A young American girl came to South Africa to “help the poor.” She has had a gun shoved in her face and been mugged multiple times.

Missionary friends have asked me how they can encourage new missionaries who want to leave the mission field after just two months?

Don’t declare defeat. Remember, Jesus has already won the fight!

 “But if we hope for what we do not see, we eagerly wait for it with perseverance.“ Romans 8:25

And on that friendly note – do your homework and prepare!

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Steve’s life of gangsterism came to an abrupt end!

Steve’s life of gangsterism ended when he came to faith in Jesus Christ!

Listen to how the Lord is using him now.

My Salt and Light podcasts are now available on ITunes!

Charl van Wyk

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Steve was a notorious gang leader in South Africa!

Steve was a notorious gang leader in South Africa. His gang of armed and fearless teenagers scared even the most seasoned gangsters.

After being incarcerated, the strangest experience took place, in the strangest setting….

You won’t want to miss this interview on Salt and Light!

My podcast is now also available on ITunes!

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Former gangsters plant a church!

“How beautiful upon the mountains are the feet of him who brings good news, who proclaims peace, who brings glad tidings of good things, who proclaims salvation, who says to Zion, ‘Your God reigns!’” Isaiah 52:7

Getting started!

Vuyo sounded excited on the phone. “We’ve been given a building to start a church,” he said.

I was my usual skeptical self. This comes from years of seeing how mission organizations and missionaries in Africa have been manipulated, mislead, lied to, ripped-off and held hostage until they sign the mission buildings over to the locals.

The telephone conversation with Vuyo continued as he shared the location: Gugulethu. Gugulethu? To western ears, the word is merely an indecipherable tongue-twister. But to Africans, it’s code for “gangster land.” Translation: “It isn’t really your building, so how do you protect yourself—and not just your physical self, but also your financial self? What happens if you invest in repairs and then the owner suddenly wants you out? Who are you accountable to? Who do you expect to join the church? How can you meet in a dilapidated old building with broken windows, no electricity, toilets or water? Are you nuts?!”

My reactions may sound a bit rash, but in African missions, we quickly learn the difference between faith and idealism. Faith is God-given and God-nurtured. Idealism is often man-derived and ripe for exploitation. So, we rely on the Holy Spirit for discernment.


Vuyo was a gangster and partner in crime with Gcinikhaya Makoma, whom I shot when he made up part of the attackers at the St James church massacre in 1993.

Vuyo ended up in prison after a foiled cash-in-transit heist. After five years of awaiting trial for numerous crimes, including robbery, theft and breaking and entering a domicile, he escaped and became a wanted fugitive.

When he was found, all the other charges against him were withdrawn. He was convicted of escaping from prison and sentenced to five years.

During his incarceration Vuyo came to faith in Jesus Christ and as they say, “The rest is history!”

In prison he met Steve, a notorious gang leader. We’ll hear about Steve’s turning to Christ soon, on our  missionaryinafrica’s podcast.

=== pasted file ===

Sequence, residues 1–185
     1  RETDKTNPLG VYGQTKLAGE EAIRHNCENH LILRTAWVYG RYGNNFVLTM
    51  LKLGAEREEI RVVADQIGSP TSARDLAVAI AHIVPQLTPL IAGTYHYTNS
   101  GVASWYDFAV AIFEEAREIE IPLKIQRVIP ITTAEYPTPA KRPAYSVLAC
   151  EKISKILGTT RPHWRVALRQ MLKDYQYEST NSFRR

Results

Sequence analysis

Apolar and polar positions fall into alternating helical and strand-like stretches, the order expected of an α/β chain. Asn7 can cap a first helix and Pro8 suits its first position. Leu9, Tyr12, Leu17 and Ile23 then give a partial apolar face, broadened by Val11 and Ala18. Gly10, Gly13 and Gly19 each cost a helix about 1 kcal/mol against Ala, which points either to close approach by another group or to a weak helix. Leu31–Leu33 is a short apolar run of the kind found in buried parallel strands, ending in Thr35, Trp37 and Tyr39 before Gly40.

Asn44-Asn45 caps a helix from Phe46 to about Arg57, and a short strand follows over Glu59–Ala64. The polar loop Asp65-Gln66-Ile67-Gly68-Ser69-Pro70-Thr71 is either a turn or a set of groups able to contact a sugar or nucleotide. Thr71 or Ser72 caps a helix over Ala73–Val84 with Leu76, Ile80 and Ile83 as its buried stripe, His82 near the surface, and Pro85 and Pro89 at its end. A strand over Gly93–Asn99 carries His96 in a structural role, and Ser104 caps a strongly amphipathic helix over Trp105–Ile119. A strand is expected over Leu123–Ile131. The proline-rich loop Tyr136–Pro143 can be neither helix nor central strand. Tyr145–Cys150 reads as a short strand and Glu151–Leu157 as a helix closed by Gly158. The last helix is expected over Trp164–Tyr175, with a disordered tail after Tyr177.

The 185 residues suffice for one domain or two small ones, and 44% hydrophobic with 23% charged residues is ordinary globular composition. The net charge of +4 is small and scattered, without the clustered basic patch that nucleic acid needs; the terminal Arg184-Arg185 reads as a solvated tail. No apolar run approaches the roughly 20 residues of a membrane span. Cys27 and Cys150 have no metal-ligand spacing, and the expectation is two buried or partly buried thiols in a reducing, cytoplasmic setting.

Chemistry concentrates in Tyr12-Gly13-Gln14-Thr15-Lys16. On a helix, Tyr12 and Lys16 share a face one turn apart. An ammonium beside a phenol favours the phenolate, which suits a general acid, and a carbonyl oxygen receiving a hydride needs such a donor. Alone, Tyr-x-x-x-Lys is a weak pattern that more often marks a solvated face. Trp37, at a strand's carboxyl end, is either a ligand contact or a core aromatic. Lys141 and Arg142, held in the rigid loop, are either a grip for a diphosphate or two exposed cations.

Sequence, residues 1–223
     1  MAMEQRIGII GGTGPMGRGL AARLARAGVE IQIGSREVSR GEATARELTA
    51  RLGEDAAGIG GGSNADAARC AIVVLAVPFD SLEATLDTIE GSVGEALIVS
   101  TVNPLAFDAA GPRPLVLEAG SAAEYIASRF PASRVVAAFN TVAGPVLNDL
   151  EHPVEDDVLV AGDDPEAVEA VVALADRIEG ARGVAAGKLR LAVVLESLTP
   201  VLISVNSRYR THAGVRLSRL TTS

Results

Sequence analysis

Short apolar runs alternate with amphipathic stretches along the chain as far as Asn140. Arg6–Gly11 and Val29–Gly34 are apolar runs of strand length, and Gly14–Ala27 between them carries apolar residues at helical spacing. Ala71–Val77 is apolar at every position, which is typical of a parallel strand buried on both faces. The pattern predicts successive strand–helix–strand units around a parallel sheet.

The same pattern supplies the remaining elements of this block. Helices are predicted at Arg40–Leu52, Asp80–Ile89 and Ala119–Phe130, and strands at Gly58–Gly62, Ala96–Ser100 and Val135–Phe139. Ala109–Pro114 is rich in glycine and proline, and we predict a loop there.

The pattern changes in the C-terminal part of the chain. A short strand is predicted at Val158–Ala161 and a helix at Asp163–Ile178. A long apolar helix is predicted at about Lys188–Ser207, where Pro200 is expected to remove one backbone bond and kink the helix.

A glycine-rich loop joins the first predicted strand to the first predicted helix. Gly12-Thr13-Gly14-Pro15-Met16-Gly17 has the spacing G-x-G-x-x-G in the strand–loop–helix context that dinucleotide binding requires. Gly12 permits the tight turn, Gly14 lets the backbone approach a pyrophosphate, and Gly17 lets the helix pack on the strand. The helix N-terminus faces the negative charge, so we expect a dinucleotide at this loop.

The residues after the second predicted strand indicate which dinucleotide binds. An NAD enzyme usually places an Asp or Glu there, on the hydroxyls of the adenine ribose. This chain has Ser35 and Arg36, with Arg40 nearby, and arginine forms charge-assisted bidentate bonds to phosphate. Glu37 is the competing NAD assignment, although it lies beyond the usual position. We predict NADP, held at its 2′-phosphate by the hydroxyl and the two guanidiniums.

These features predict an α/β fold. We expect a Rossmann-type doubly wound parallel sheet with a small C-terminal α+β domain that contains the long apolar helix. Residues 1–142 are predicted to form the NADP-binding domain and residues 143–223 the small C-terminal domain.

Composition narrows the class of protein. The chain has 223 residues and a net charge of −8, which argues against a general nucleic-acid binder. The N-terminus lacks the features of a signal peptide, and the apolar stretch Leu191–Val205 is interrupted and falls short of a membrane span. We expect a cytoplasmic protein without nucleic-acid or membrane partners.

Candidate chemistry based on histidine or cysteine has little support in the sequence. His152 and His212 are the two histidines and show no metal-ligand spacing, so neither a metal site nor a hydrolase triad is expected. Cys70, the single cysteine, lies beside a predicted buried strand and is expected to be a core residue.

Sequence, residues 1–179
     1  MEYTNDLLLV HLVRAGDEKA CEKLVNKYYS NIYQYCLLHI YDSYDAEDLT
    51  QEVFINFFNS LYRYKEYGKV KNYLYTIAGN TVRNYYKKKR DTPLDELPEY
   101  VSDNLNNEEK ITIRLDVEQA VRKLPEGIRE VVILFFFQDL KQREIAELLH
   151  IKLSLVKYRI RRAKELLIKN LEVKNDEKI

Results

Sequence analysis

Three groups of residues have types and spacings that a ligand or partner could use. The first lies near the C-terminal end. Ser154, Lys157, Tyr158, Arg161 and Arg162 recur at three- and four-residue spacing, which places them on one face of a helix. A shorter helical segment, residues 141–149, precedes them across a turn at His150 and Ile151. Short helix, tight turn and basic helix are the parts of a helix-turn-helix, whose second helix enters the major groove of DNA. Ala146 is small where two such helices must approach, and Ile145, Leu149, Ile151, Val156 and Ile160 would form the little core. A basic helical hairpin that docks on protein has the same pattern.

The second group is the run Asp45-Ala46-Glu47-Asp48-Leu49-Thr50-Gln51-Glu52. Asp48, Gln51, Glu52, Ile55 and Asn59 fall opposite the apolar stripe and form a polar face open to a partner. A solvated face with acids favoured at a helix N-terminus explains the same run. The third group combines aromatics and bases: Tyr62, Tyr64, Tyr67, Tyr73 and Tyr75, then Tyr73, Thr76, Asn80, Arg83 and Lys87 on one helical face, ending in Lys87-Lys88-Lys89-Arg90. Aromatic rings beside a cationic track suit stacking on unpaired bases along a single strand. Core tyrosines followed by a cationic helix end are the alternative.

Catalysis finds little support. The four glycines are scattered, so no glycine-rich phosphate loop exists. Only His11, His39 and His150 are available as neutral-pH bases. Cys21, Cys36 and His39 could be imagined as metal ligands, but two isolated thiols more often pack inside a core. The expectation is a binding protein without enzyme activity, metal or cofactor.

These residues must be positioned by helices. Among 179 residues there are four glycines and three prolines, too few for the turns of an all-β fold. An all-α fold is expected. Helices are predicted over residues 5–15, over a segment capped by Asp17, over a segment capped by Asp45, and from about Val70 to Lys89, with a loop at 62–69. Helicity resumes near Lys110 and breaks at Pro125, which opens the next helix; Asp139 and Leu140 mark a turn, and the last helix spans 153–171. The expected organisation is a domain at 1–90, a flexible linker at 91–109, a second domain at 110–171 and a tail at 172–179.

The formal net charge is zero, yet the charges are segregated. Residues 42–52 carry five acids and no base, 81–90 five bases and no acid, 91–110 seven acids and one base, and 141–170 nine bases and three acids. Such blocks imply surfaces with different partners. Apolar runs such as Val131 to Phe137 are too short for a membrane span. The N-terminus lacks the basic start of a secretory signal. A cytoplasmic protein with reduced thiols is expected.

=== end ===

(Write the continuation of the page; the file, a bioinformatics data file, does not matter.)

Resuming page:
Our Stone Hill ministry has been the fortunate beneficiary of Vuyo and Steve’s ministry with each of them speaking at our camps and preaching at Sunday evening services. We’ve seen their practical love for their Lord and Savior Jesus Christ and their fellow man. Their dedication to God’s Word and concern for the lost are amazing.

How could I not help with supporting a church plant in gangster land? Where else is a ministry to Christ more needed? And who else can even relate to these local street thugs, let alone minister to them?

Vuyo and Steve immediately got to work. First, the cleaning of the hall began. Sixty chairs were purchased for parishioners. The broken and non-existent hand basins and toilets were replaced. Running water was connected. A new stage, built. The broken doors and windows, replaced. All this over the past month.

The first service

When the first Gospel service took place, not everything was in order. But then, the Gospel of the Kingdom must go forth.

Ten people put their faith in Jesus Christ at the first service. Now, a month later, those 60 chairs are already too few!

No time is wasted in discipling the new converts. Meetings take place every evening and new converts are added daily. These are trained to tell others about their newfound faith and then report back, with the reactions and questions they receive incorporated into presentations to reach and teach new believers.

One day at the ministry, a demon-possessed woman, carrying a small child, was delivered from her tormentors; she turned in faith to Jesus Christ. The young child was also prayed over.

Later she testified to how peacefully her and her child now sleep at night; no more medicine from the witchdoctor and no more child screaming through the night.


Vuyo and Steve dream of running camps for their newly converted youth. This setting can provide them a respite from the exhausting distractions associated with normal living in a devastated community, such as gangsterism, drugs and illicit sex.

 “Fight the good fight of faith, lay hold on eternal life, to which you were also called and have confessed the good confession in the presence of many witnesses.” 1 Timothy 6:12

Charl van Wyk

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Living for Christ in a squatter camp – Part 2